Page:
The plan to create a 100-mile network of hike-and-bike trails connecting San Antonio to Austin has hit a new milestone.
The Great Springs Project, the name of the project and of the organization bringing it to life, released a 200-page plan last week that outlines the vision for the project and frames the actions needed to make it a reality.
The project would be the first of its kind in the state and would link the four major springs of Central Texas: San Antonio, Comal, San Marcos and Barton springs. The project also aims to preserve open space over the recharge zone of the Edwards Aquifer, the region’s largest source of water and the origin of all four springs.
Great Springs Project staff worked with Alta Planning + Design, a Portland-based roadway planning firm that specializes in greenways and paths, to bring the document to life, said Emma Lindrose-Siegel, Great Springs Project chief development officer.
“We needed a primary trails plan to serve as a blueprint for where the trails were going to go and how we’re going to get from spring to spring,” Lindrose-Siegel said. “This document is that blueprint of how we’re going to get there.”
While the newly released document offers few specifics, it does give a general idea where the trails will connect and the funding the project will need and generate. It estimates that, once complete, the network could generate close to $10 million per year for Bexar County and almost $56 million annually for the entire corridor region. The project organizers are aiming to finish the network by 2036.
The San Antonio portion of the network, which the plan calls “Segment A,” would connect the San Antonio Springs, or ”Blue Hole” — the headwaters of the San Antonio River — to Loop 1604 and Cibolo Creek. The proposed route is divided into subsections: San Antonio Springs to Loop 1604, Salado Creek to Loop 1604, and Salado Creek to Cibolo Creek. The reason behind the split path is to protect the endangered golden-cheeked warbler; during its mating season, portions of the trail may need to be closed or limited, necessitating an alternate route.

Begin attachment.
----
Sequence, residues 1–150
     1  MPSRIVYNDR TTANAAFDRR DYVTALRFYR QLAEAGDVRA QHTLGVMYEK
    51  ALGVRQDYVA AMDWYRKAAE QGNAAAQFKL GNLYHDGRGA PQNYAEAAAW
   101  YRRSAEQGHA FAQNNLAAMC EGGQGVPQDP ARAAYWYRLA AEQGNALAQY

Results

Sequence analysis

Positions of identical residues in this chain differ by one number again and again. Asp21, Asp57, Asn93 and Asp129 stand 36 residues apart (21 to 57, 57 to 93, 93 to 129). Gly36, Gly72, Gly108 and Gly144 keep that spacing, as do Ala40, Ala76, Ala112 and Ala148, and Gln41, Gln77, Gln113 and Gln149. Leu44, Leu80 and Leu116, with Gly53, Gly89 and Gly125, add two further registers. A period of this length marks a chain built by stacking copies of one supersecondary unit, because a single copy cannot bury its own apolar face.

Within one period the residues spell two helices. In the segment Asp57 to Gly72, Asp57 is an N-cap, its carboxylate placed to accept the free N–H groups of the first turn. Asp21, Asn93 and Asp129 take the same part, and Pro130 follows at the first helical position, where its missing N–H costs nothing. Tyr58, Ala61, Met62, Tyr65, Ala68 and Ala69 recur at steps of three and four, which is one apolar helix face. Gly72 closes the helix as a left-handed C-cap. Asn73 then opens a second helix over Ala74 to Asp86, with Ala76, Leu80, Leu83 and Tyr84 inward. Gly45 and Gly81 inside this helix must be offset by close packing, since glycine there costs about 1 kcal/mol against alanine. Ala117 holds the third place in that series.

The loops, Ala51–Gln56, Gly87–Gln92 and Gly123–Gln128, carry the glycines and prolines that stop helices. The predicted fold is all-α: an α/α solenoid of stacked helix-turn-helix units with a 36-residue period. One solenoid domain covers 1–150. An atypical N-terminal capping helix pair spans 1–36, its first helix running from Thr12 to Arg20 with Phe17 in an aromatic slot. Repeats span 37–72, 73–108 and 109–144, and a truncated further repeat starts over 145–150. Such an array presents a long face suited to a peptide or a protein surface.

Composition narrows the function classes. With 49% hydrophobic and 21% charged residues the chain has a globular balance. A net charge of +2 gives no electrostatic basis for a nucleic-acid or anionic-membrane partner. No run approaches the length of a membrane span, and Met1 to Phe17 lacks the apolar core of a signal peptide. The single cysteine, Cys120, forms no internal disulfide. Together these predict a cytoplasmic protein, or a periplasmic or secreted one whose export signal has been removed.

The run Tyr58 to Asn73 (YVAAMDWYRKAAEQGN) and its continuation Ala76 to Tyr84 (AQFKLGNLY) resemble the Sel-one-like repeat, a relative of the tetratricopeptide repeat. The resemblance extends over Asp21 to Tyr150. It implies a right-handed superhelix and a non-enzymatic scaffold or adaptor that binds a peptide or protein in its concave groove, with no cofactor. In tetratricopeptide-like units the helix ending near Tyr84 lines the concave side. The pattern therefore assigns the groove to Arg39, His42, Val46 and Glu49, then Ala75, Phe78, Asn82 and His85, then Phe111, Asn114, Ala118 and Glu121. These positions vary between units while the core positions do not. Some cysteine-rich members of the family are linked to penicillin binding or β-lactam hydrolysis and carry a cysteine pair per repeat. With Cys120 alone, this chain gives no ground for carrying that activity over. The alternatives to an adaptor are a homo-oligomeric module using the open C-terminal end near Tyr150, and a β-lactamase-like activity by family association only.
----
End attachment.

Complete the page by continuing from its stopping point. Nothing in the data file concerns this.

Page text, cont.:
Ultimately, the trail will also connect roughly 3 miles south of San Antonio Springs to the Alamo, using some combination of existing trails and on-road connections, the plan states. Parts of the route would include new connections that will be made as part of the city’s 2022 bond program, assuming it wins voter approval on May 7.
The project was also accepted into the National Park Service‘s Rivers, Trails and Conservation Assistance program last year, a significant milestone that gives it a federal boost.
The project still needs funding. Local donors and sponsors thus far include the Edwards Aquifer Authority, the San Antonio River Authority (SARA) and private donors, according to the plan’s funding index. It will take a mix of public and private funds to realize this vision, said David Bemporad, Great Springs Project trails and transportation planner.
“Trails are what San Antonio does best, and it’s absolutely within the vision of what we’ve articulated for our city to make sure that the trail doesn’t just stop here,” Bemporad said, “but connects the communities all the way up the corridor.”
For all aspects outlined in the plan to come to fruition, many more meetings will need to happen among the Great Springs Project, staff from the cities and counties along the corridor — including New Braunfels and Comal County, and San Marcos and Hays County — and private landowners along the route, Bemporad said.
Discussions will include representatives from SARA and the Headwaters at the Incarnate Word, the organization that oversees the maintenance of the Blue Hole, Bemporad added. Both SARA and the Headwaters manage several trails in San Antonio, such as the Mission Reach and the still-in-development Spirit Reach, respectively. These groups have already had many informal discussions with the Great Springs Project staff, he said.
Brandon Ross, a special project manager for San Antonio’s Parks and Recreation Department, acknowledged that the newly released document is “a plan to plan,” acting more as a solid starting point for the project. While the city and Great Springs Project don’t have a formal memorandum of understanding yet, discussions are underway, Ross said.
“We just think it’s a really cool project, it’s awesome,” Ross said. “If we can make that connection, I think it would be really amazing and would probably bring a lot of people in from all over who want to hike it or bike it.”
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